Recently the Catonsville Historical Society in cooperation with the Catonsville Garden Club undertook a project of enhancing the society's grounds with the creation of a knot garden. This new addition was made possible through grant funding with the help of the Baltimore County government, and the Commission on Arts and Sciences. The Society's knot garden adds yet more historical significance to the Townsend House property as well as further beautifying the grounds. The garden also serves as a small reminder of the beautiful gardens that once graced many Catonsville estates such as the Farmlands home of Gustav Lurman Sr., where Catonsville High School is located today.
A knot garden, also known as the parterre, simply uses intricate patterns of low interlacing or miniature tightly clipped hedgework interspersed with colored materials or plants to create the illusion of crossing over one another (giving the appearance of knots). However, to achieve the correct appearance strict geometry must be followed, making the creation of a knot garden a detailed project.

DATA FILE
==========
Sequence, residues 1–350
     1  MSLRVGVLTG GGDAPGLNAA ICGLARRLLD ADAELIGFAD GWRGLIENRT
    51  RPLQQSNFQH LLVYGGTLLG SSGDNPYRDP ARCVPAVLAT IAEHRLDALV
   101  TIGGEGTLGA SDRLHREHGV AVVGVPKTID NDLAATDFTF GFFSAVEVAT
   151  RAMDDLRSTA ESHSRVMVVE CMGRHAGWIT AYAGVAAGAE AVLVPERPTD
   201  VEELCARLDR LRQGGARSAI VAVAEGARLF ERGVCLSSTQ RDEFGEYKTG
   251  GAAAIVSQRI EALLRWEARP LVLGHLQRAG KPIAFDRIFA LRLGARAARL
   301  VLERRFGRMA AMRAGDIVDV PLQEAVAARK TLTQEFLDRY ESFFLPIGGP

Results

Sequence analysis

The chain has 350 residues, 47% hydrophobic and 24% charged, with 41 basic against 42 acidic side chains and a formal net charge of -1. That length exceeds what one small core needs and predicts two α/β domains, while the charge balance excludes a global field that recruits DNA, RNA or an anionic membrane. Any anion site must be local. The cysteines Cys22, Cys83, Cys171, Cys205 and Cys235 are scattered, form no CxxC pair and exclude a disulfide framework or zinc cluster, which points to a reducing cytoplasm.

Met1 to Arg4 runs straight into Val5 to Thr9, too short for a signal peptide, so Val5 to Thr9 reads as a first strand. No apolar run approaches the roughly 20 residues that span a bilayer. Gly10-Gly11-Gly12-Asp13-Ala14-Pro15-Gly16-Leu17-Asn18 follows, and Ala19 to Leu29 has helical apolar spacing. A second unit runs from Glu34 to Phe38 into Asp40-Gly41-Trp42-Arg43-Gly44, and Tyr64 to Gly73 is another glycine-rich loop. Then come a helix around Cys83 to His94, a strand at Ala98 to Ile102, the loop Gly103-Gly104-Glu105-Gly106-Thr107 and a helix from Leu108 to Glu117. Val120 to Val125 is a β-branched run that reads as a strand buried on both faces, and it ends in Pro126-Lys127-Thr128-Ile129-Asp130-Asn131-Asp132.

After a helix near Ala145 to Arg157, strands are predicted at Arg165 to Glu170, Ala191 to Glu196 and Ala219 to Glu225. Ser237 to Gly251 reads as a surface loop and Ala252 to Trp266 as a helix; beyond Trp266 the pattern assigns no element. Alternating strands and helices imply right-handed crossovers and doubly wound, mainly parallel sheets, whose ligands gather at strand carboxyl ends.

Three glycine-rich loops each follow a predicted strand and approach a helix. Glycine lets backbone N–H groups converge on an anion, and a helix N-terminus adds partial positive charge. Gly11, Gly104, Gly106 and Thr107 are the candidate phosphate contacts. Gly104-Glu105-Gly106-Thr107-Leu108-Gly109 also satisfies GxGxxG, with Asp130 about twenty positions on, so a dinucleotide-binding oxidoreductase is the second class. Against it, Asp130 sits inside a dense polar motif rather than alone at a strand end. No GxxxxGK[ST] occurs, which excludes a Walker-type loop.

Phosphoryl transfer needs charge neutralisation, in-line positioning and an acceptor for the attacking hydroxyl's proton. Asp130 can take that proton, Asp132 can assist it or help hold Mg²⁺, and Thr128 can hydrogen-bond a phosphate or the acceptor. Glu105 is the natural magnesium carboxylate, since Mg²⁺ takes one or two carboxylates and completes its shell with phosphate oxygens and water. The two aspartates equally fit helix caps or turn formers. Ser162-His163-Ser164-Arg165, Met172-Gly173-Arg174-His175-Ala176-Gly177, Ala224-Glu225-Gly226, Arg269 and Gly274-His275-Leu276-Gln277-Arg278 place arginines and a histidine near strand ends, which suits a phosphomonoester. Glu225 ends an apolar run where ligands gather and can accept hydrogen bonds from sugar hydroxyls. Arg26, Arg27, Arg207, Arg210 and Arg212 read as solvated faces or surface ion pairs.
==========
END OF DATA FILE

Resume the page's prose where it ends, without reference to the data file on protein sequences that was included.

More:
Knot Gardens originated in the 16th century as descendants of the walled gardens of the Middle Ages. They were widely used on the grounds of European castles and estates and remained popular in European gardens for several generations. Among the Europeans, the Knot Garden style was well embraced by the English. However, it is interesting to note that English knot gardens were heavily influenced by the French, though they stayed in style in England much longer.
Historically in America the Knot Garden is likely the oldest form of formal gardening done in America. The American version of the knot garden, of course, came with the first colonists who eventually developed their own variations into versions that could rival the gardens in Europe. By the time the American Revolution took place, knot gardens were relatively common features on the properties of prosperous Americans.